When driving, I happen to get lost a lot, and I absolutely hate asking people for directions.
I would argue this is not the stereotypical male thing of being too stubborn, too testosterone-driven to break down and ask. Actually, the opposite is true: I want good advice from someone who knows the terrain.
The problem is that most people are awful about giving directions. Just because you drive—or needed directions at some time in your life—you’re not necessarily skilled in giving directions.
I find a strong correlation between designing e-learning events and giving directions. In fact, everyone in the world thinks think they’re pretty good at designing learning events.
Having attended grade school, high school, college, and even graduate school does not make an expert. Having had a bad professor and recognizing her/his awfulness doesn’t mean those learners can design well. These situations may help them recognize bad instruction, but that’s a far cry from being able to design well.
As a befuddled driver frustrated with a lifetime of bad directions, I’ll now identify a few common types of direction-givers to avoid. These bad-direction-givers may help identify bad learning and how to avoid it.
This person is delighted you asked for directions because he or she knows exactly where you’re going. In fact, this is a perfect opportunity to show off smarts, so this individual provides a level of detail that is mind-bogglingly impossible to remember.
“Once you pass the second stoplight by the convenience store, you’re going to see a red house, kind of Colonial but cottagey. Drive past that. You’re on the right block now, but you want the opposite side of the street, maybe two or three houses from the corner, but not the place with the lilacs in front. The house you’re looking for has a green roof if I’m remembering correctly.”
Yer killin’ me.
As the person hopelessly lost, I have a single goal: get unlost. Get myself to the destination. Anything you give me that’s extraneous (lilac bushes, a red house that doesn’t matter, and so on) is all maddening garbage impeding my success.
I think learners feel the same way. We give them a goal, like “improve your sales,” and then instead of letting them practice making a sale, we say, “But first, go through three modules on our product lines.” The over-explainer is convinced that “they need to know everything,” so they can attempt the goal. The learner is thinking, “This garbage is impeding my success.”
The “It’s simple” navigator
This person says, “You’re trying to get to the Crosstown Mall? Easy. Get on 694 headed east and take it to 35W headed south, but only for a half mile, where you merge with 10W almost immediately and exit on Fourth Avenue. That’s the easiest way to cross downtown, probably faster than 10E during rush hour. So take it to Lake Street, and then make the next four rights, and wham, you’re there.”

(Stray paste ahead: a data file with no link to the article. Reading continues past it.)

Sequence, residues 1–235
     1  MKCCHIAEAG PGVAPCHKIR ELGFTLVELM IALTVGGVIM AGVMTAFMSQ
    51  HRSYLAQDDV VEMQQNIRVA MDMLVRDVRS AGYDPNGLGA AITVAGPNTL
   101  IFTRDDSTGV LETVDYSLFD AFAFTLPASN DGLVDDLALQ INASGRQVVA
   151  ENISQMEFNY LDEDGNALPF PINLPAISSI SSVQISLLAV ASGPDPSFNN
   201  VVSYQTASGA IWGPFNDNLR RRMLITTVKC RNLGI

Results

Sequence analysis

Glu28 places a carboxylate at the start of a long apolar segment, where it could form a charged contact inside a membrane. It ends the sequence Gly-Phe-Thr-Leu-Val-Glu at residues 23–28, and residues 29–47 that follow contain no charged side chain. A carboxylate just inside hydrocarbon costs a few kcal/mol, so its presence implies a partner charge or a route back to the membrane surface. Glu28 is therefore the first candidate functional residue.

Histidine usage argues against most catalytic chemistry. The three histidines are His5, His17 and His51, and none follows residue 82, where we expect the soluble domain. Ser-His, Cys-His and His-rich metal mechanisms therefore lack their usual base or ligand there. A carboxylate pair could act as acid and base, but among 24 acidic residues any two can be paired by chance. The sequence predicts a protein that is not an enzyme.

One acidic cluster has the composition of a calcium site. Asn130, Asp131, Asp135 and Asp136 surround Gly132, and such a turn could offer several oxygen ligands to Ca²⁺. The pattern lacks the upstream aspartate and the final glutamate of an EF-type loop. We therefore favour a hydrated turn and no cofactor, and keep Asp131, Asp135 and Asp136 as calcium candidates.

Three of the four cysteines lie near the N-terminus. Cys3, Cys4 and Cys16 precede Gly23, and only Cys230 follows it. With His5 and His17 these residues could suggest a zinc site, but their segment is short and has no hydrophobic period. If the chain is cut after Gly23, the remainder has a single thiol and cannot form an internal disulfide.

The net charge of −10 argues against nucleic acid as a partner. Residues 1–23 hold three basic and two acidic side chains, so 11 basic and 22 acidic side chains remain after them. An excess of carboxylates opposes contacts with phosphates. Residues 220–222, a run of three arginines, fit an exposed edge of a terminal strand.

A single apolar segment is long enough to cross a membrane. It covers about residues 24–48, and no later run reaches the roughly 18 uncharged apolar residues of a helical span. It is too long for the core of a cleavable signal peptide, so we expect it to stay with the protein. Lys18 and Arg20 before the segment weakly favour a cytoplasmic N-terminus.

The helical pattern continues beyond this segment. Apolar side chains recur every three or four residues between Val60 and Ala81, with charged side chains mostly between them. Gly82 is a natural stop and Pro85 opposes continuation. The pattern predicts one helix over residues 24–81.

No, no, no, no, no. It’s not easy. Quit pretending that it is. When encountering this direction-giver, I nod and say, “Thanks.” I walk away quickly.
Don’t look back. For God’s sakes, never look back.
There’s no point in asking clarifying questions for two reasons:
1. By calling it easy, “It’s simple” navigators assume your ability level is equal to theirs. If I were to admit, “I get lost easily,” this makes them talk to me like I’m ten. That’s humiliating.
2. If I do make the mistake of asking a question, they either reply in a glib way or morph into the over-explainer.
I meet this type all the time in clients. They say, “We need them to sell more. The problem is they don’t know the products. If they did, they’d sell because selling is easy.”
No, it’s not.
It’s a skill. Skills require practice. When you demean the importance of mastering a skill, you no longer see practice as useful. Heck, real, meaningful feedback isn’t useful because it’s so simple. From that vantage, those who don’t know the skill are not only unskilled, they are stupid. Imagine how hard it is to design learner-centric training while you’re busy thinking, “These people are idiots.”
We might tell a client, “The learner has to practice this skill until they master it.” The client is shocked that the mastering of a skill may take more than two scenarios. Clients don’t like hearing that a skill they personally mastered years ago is difficult for others. It’s hard to design good learning when this type of person is in charge of the project.
The “Let-me-draw-that-for-you” helper
This person relies on his or her sketching abilities to solve my directionally-challenged problem. The problem is that this individual’s abilities are…sketchy. (Pun intended.) The “Let-me-draw-that-for-you” helper scratches out two vaguely parallel lines (something I think looks very much like a highway), and then says, “This is downtown.” This person then scribbles illegible words, drag arrows, and circle landmarks. Pretty soon, I hold an impossible-to-read map while the “helper” basks with pride in his or her achievement.
This map literally represents how the drawer thinks, not what I need to know or what might be useful for me.
Sometimes, subject matter experts insist on designing learning. They like making the map because they once-upon-a-time needed a map like this and nobody provided it. I understand their intentions are good. I do not mean to dismiss the admirable quality of wanting to help others. But they’re not the ones who should draw the map.